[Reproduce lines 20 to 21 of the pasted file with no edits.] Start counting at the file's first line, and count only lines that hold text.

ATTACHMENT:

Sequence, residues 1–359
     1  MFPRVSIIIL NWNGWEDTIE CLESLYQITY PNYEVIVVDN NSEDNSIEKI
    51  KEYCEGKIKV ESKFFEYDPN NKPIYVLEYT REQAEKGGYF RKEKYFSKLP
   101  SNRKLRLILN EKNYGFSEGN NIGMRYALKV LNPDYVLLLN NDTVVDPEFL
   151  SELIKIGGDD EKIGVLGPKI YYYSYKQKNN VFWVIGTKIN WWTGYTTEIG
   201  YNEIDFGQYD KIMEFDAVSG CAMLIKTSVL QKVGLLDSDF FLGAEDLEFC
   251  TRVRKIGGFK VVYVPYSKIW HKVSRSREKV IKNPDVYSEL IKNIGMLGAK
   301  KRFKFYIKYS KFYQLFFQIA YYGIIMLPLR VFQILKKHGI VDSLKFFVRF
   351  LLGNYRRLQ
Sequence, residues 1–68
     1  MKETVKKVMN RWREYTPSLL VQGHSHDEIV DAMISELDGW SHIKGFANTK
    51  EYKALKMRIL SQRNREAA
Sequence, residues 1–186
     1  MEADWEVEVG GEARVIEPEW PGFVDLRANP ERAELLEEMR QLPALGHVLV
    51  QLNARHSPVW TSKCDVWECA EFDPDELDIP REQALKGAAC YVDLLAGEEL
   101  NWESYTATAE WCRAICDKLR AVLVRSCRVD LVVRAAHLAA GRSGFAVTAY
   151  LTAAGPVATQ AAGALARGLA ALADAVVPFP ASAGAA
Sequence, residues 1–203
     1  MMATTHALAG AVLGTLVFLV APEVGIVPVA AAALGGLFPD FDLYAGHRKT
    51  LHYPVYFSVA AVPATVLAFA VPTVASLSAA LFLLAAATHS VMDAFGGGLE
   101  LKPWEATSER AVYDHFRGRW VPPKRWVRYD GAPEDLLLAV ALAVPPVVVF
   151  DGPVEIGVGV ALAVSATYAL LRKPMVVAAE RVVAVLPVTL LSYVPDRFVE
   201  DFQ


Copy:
    51  LHYPVYFSVA AVPATVLAFA VPTVASLSAA LFLLAAATHS VMDAFGGGLE
   101  LKPWEATSER AVYDHFRGRW VPPKRWVRYD GAPEDLLLAV ALAVPPVVVF